Temperatures range from 10°C to 38°C (50°F100°F) and Cambodia experiences tropical monsoons. Southwest monsoons blowing inland bring moisture-laden winds from the Gulf of Thailand and Indian Ocean from May to October, and the country experiences the heaviest precipitation from September to October. The northeast monsoon ushers in the dry season, which lasts from November to March, with the driest period from January to February.
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Economy

Despite the recent progress, the Cambodian economy continues to suffer from the effects of decades of civil war and internal strife. The per capita income is rapidly increasing, but is low compared with other countries in the region. Most rural households depend on agriculture and its related sub-sectors. Rice, fish, timber, garments and rubber are Cambodia's major exports, and the United States, Singapore, Japan, Thailand, Hong Kong, Indonesia and Malaysia are its major export partners.

The recovery of Cambodia's economy slowed dramatically in 1997-1998 due to the regional economic crisis, civil violence, and political infighting. Foreign investment and tourism also fell off drastically. Since then however, growth has been steady. In 1999, the first full year of peace in 30 years, progress was made on economic reforms and growth resumed at 5.0%. Despite severe flooding, GDP grew at 5.0% in 2000, 6.3% in 2001, and 5.2% in 2002. Tourism was Cambodia's fastest growing industry, with arrivals increasing from 219,000 in 1997 to 1,055,000 in 2004. During 2003 and 2004 the growth rate remained steady at 5.0%, while in 2004 inflation was at 1.7% and exports at $1.6 billion US dollars. As of 2004 GDP per Capita was $1900 USD, which ranked it 175th (out of 232) countries [8].

The population lacks education and productive skills, particularly in the poverty-ridden countryside, which suffers from an almost total lack of basic infrastructure. Fear of renewed political instability and corruption within the government discourage foreign investment and delay foreign aid. The government is addressing these issues with assistance from bilateral and multilateral donors.
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Demographics

Cambodia is ethnically homogeneous, as more than 90% of its population is of Khmer origin and speaks the Khmer language, the country's official language. The remainder include Chinese, Vietnamese, Cham and Khmer Loeu.

The Khmer language is a member of the Mon-Khmer subfamily of the Austroasiatic language group. French is spoken by many Cambodians as a second-language and is often the language of instruction in various schools and universities. Cambodian French is a dialect found in Cambodia. It is also frequently used in government. However, in recent decades, many younger Cambodians, as well as members of the business-classes, have favored learning English and it is gradually becoming more widely-known.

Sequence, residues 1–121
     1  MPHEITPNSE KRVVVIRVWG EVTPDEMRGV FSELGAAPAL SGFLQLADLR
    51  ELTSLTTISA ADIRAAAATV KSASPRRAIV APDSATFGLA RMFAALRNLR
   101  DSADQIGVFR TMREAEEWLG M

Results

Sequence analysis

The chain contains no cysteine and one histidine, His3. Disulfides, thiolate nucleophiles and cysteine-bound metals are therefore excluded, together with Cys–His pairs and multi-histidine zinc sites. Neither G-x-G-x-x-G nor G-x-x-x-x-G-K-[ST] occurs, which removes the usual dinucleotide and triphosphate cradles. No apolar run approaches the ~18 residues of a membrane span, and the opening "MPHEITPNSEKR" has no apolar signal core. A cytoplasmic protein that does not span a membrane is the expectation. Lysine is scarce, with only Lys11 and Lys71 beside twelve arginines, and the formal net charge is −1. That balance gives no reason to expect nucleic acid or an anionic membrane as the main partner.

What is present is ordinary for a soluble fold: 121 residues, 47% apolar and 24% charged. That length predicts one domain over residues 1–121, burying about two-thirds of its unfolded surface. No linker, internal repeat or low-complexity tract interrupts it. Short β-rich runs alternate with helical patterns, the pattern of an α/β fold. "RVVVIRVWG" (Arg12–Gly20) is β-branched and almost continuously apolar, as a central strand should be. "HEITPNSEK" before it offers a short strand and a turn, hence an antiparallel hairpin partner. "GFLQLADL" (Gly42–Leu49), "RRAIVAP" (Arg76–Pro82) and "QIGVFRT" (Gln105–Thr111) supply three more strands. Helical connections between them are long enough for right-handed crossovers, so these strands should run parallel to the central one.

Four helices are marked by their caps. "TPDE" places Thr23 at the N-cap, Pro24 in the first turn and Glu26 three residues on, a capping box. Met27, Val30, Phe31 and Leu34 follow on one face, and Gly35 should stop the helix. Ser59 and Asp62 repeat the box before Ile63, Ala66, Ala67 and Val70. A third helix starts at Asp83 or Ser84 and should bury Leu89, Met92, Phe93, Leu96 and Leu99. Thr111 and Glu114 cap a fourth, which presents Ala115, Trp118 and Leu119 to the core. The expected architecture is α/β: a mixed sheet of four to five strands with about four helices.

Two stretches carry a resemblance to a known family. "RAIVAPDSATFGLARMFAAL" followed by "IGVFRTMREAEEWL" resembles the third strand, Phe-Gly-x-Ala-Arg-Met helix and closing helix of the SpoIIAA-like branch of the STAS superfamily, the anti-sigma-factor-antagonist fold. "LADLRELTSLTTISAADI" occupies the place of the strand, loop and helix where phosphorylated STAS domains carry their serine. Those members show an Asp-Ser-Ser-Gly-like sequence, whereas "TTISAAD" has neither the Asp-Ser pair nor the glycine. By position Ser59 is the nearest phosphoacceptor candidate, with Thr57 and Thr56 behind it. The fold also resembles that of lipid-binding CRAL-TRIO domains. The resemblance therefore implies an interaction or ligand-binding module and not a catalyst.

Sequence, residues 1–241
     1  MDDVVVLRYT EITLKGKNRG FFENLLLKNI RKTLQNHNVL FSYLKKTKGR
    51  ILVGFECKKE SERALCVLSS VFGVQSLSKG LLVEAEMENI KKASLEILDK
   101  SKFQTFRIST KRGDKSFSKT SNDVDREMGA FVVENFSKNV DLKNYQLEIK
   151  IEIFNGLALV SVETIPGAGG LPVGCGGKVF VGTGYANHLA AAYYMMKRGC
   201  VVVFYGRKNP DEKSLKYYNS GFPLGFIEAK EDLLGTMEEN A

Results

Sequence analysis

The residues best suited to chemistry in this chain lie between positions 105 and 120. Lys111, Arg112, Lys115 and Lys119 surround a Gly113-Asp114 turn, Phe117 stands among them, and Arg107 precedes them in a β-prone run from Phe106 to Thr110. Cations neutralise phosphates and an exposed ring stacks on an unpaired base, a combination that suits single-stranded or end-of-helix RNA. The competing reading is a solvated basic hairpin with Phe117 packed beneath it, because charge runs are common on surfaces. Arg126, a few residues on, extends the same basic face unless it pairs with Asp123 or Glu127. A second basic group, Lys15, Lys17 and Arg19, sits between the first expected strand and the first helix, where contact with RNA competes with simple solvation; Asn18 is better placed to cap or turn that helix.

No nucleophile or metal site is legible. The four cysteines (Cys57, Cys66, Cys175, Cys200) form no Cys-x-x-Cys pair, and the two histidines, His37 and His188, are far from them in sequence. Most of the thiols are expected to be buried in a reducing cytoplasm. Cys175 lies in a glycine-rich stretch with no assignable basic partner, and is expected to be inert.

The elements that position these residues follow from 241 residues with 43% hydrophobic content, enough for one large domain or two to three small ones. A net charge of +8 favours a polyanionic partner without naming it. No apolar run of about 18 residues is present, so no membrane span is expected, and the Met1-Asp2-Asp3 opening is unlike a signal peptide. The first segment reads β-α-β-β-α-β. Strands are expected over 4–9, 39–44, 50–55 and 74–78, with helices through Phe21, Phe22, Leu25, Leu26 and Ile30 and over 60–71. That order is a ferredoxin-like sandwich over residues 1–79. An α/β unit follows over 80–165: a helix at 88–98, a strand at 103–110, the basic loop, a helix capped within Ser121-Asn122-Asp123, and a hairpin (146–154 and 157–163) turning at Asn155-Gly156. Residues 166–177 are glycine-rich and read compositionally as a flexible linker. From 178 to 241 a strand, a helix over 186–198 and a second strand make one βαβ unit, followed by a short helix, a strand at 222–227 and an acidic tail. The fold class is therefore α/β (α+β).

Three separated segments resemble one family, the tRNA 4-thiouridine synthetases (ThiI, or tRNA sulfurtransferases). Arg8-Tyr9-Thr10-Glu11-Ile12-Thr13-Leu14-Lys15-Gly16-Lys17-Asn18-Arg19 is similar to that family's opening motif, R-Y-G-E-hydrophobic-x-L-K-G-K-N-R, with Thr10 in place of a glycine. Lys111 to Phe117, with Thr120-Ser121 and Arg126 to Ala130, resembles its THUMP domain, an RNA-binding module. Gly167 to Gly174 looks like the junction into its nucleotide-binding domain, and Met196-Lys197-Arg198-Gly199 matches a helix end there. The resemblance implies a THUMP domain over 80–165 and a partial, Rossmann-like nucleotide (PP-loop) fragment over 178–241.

Theravada Buddhism, suppressed by Khmer Rouge but now revived, is the main religion, but Christianity is spreading in the country.
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Culture

Khmer culture, as developed and spread by the Khmer empire, has distinctive styles of dance, architecture and sculpture which have strongly influenced neighbouring Laos and Thailand. Notable recent artistic figures include the singers Sinn Sisamouth, who introduced new musical styles to the country, and later Meng Keo Pichenda.

Bonn Om Teuk (Water Festival), the annual boat rowing contest, is the biggest Cambodian holiday. The festival is held at the end of the rainy season when the Mekong river begins to sink back to its normal levels. Approximately 10% of Cambodia's population attends this event each year. Popular games include kicking a sey, which is similar to a hacky sack, cockfighting and soccer.

Rice, as in other South East Asian countries, is the staple grain, while fish from the Mekong and Tonle Sap also form an important part of the diet. The Cambodian per capita supply of fish and fish products for food and trade in 2000 was 20 kilograms of fish per year or 2 ounces per day per person. [9]. Some of the fish can be made into prahok (a Khmer delicacy) for longer storage. Overall, the cuisine of Cambodia is similar to that of its Southeast Asian neighbours. The cuisine is relatively unknown to the world compared to that of its neighbors Thailand and Vietnam, but has been described not as spicy as Thai cuisine and similar to other Southeast Asia cuisines.

Customary Cambodian teachings include: that if a person does not wake up before sunrise he is lazy; you have to tell your parents or elders where you are going and what time you are coming back home; close doors gently, otherwise you have a bad temper; sit with your legs straight down and not crossed (crossing your legs shows that you are an impolite person); and always let other people talk more than you.